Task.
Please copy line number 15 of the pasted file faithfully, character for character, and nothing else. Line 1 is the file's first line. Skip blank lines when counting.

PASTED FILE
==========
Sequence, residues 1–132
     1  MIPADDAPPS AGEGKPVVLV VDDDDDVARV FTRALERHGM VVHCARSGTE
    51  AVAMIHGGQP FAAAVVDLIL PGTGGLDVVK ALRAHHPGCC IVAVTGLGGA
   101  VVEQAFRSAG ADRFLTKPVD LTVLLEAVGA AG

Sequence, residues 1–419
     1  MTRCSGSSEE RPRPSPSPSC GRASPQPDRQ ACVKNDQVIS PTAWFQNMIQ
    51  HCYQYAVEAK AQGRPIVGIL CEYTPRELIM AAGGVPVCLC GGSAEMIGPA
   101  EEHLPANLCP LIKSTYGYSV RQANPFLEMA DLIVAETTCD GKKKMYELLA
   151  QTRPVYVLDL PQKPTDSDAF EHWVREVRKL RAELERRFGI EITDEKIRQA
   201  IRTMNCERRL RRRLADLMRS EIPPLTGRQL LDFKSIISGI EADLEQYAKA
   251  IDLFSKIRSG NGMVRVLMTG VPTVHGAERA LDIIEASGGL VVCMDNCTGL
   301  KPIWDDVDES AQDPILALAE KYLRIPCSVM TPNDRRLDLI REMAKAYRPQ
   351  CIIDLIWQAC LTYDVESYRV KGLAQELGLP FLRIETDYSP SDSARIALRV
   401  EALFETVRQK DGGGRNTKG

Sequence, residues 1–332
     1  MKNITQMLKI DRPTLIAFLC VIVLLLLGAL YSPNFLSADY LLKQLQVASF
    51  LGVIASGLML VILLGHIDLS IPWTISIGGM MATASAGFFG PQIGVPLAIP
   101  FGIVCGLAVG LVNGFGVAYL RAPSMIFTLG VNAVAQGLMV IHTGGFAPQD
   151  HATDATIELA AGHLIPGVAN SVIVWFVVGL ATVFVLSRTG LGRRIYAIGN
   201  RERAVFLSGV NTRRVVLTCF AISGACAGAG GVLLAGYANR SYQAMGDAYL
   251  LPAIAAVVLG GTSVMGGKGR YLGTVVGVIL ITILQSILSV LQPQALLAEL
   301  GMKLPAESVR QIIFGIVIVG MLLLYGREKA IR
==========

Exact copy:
Sequence, residues 1–332